The point is that Alcaraz made such a great impression in the first part of this season that it has become hard to believe he can lose a match.
At his best, he can deliver any shot at any moment, with a variety rarely seen before. In an inspired instant, he can switch from herculean ball-striking to caressing a dropshot, which will land, bounceless, a few inches after the net. What about his eagerness to volley, often following his wondrously effective kick serve? Not to mention his serve which alternates power and spin, his endurance in winning long rallies, scuttling far and beyond to fling in a winner from out of the blue. Opponents cannot but be befuddled.
And then, is clay really the surface that best suits his game? In an interview with Marca, he said he’s comfortable on all surfaces but feels that his dynamic game most suits hard courts. If we couple this statement with his enthusiasm for being in Montreal and playing the Canadian Open for the first time, after throwing in some hard work for a successful transition from clay to hard, we can be positive that the fire has been kindled, and the countdown for reaching the highest ranking orbits is running once again.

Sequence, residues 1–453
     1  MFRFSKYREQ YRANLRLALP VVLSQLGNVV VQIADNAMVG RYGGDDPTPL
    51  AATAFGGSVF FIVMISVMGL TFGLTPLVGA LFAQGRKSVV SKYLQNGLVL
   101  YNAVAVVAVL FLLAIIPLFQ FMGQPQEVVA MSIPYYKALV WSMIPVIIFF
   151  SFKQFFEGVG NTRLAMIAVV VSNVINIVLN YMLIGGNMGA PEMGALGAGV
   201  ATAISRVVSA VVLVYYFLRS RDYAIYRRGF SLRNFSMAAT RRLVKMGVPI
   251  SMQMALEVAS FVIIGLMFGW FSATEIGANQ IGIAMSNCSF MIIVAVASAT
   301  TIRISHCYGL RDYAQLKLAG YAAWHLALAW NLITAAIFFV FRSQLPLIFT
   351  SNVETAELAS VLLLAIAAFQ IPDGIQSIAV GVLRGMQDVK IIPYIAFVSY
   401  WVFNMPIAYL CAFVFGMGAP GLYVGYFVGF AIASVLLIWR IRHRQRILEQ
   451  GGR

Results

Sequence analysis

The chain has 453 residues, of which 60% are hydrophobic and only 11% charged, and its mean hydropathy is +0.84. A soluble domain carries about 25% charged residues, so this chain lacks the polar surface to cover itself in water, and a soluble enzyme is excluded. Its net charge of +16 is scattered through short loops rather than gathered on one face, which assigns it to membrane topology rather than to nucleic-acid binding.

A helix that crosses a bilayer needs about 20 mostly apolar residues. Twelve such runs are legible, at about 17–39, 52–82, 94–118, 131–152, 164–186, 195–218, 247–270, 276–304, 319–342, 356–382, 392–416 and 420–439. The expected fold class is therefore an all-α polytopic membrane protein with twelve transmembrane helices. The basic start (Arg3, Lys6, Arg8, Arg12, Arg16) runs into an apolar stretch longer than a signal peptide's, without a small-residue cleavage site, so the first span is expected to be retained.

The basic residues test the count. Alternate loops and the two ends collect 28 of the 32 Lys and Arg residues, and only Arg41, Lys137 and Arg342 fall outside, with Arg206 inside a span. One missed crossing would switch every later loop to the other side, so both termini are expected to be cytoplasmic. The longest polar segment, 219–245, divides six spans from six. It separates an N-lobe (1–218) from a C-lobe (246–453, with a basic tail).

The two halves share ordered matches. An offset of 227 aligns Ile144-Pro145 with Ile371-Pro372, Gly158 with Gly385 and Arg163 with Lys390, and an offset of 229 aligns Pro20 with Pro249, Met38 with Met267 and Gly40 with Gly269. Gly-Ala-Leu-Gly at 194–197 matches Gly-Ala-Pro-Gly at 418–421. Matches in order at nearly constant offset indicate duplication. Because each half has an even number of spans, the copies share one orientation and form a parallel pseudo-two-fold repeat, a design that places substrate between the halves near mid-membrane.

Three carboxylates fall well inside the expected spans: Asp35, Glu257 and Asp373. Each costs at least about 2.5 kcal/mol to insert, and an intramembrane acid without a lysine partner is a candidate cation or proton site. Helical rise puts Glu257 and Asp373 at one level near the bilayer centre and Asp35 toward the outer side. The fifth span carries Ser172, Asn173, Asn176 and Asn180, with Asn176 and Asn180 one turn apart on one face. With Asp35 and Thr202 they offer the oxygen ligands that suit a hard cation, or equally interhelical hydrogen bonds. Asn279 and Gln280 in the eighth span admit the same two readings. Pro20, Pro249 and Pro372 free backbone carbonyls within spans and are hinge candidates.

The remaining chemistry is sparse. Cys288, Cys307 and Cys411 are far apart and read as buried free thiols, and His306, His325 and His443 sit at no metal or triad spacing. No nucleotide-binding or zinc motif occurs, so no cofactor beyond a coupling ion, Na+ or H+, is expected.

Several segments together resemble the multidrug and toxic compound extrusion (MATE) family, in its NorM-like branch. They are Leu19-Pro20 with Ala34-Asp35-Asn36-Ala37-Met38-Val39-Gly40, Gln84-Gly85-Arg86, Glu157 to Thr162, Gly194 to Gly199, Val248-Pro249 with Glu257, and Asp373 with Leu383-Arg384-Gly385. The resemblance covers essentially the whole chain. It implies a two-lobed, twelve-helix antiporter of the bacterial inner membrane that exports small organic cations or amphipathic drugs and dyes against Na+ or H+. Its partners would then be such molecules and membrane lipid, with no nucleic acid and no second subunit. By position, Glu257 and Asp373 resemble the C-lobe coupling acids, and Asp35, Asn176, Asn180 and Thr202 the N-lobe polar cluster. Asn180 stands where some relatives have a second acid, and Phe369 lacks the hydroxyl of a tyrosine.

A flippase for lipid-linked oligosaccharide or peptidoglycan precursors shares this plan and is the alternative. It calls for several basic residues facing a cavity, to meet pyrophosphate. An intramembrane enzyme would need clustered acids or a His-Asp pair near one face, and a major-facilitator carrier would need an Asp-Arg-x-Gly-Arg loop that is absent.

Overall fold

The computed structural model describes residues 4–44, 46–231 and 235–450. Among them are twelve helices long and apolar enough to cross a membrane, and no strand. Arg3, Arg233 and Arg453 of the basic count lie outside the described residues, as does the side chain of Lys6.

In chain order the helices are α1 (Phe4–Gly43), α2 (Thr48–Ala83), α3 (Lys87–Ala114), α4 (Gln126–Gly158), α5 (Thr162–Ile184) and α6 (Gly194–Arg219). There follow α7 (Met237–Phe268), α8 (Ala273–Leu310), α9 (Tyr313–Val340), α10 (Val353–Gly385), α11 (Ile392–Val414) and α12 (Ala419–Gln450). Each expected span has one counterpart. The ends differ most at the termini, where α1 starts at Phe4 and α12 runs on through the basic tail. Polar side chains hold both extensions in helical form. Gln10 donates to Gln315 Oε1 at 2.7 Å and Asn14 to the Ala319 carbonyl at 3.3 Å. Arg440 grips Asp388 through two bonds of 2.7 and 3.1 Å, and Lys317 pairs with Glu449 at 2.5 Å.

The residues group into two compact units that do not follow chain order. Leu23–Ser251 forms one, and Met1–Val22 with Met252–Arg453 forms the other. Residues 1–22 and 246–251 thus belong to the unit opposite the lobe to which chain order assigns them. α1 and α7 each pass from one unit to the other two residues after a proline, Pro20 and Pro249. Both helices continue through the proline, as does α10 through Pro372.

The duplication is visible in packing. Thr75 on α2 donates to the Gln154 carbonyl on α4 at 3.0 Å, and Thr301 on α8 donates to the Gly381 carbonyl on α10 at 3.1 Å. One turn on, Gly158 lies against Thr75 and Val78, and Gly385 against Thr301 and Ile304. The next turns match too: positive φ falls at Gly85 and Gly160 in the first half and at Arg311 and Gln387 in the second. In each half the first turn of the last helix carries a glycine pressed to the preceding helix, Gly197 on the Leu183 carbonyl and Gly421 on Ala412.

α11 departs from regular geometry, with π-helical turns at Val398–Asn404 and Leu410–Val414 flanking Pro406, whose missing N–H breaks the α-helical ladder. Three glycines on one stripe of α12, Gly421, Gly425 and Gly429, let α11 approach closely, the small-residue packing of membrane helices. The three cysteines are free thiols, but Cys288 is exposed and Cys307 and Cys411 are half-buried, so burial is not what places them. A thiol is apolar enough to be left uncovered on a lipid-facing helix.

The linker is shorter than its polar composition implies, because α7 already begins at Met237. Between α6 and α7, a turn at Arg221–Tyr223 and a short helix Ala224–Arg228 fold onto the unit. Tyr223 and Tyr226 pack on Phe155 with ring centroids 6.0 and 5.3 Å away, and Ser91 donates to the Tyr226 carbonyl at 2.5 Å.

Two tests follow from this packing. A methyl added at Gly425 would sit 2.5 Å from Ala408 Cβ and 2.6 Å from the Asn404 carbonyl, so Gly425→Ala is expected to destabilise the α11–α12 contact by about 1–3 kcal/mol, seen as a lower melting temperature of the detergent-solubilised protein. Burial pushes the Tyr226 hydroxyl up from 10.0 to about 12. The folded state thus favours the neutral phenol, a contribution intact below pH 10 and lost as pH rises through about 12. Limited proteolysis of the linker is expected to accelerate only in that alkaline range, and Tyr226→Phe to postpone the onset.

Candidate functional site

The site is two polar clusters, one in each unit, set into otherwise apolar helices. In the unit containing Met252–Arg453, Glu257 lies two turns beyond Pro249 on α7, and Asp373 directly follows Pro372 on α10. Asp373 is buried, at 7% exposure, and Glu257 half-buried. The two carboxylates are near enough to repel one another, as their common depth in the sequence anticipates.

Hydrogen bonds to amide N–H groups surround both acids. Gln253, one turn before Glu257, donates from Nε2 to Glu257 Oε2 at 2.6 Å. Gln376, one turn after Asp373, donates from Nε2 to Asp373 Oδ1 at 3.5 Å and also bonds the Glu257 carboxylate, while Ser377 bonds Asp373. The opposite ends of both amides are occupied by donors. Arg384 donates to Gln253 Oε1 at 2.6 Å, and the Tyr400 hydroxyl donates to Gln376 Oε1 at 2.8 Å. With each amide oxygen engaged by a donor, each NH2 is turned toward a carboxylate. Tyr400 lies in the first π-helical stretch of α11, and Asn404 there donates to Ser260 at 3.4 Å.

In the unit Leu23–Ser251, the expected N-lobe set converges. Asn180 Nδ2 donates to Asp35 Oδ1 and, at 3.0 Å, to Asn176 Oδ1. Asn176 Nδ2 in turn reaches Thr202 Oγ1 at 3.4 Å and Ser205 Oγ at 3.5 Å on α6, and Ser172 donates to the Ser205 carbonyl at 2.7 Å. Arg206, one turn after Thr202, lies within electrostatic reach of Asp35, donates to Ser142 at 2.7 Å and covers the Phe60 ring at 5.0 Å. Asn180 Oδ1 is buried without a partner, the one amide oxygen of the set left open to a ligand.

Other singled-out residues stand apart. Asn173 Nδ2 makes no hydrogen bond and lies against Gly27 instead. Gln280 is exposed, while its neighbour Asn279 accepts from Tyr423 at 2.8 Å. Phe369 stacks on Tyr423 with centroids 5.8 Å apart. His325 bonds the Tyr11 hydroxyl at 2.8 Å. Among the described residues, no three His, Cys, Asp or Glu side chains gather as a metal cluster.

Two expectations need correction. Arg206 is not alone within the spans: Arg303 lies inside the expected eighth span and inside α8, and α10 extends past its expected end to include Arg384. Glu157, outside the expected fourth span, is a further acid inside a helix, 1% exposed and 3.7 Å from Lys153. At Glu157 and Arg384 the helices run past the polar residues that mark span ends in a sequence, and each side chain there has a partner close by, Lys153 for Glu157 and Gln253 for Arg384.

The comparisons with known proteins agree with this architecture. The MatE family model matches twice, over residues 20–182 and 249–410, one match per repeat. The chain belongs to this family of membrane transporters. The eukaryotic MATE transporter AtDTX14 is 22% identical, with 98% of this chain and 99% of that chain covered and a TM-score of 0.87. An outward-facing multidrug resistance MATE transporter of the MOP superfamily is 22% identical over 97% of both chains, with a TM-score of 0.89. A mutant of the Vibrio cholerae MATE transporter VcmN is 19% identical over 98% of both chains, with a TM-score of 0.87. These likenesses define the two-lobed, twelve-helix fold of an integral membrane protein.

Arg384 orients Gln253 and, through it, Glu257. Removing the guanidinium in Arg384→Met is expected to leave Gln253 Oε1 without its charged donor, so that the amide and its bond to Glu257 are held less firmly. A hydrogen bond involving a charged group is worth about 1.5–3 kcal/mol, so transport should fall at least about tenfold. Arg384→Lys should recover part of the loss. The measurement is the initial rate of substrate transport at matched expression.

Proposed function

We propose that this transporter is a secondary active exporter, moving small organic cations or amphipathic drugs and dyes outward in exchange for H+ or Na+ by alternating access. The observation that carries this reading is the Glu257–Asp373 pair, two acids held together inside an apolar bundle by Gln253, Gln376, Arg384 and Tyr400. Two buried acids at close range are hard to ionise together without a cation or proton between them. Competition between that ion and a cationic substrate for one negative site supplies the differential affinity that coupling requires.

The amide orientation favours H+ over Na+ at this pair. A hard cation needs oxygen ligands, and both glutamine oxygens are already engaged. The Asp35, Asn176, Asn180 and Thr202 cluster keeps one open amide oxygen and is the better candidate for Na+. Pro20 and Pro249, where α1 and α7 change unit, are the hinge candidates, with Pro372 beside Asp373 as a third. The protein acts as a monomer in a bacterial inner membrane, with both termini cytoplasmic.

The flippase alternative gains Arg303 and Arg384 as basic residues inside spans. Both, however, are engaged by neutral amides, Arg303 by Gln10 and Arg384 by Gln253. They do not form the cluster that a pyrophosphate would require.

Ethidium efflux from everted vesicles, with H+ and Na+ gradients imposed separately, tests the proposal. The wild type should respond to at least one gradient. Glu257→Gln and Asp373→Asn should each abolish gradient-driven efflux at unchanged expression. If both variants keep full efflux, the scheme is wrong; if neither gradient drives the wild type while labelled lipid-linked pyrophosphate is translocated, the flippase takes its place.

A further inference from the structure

Emma Raducanu Unfazed By Possibility Of Big Rankings Drop At US Open
The British tennis sensation says she is ready to deal with whatever happens in the coming weeks.
Emma Raducanu says it will be nice for her to close a chapter in her career when she returns to the US Open later this month to defend her title.
The 19-year-old stunned the tennis world last year in New York when she won 10 matches in a row without dropping a set en route to claiming her maiden major title. Becoming the first qualifier in history to win the title in what was only her second appearance in the main draw of a Grand Slam. The triumph elevated her from a ranking position of 150th to 23rd. Since then, she has peaked at a career-high of 10th which is her current position.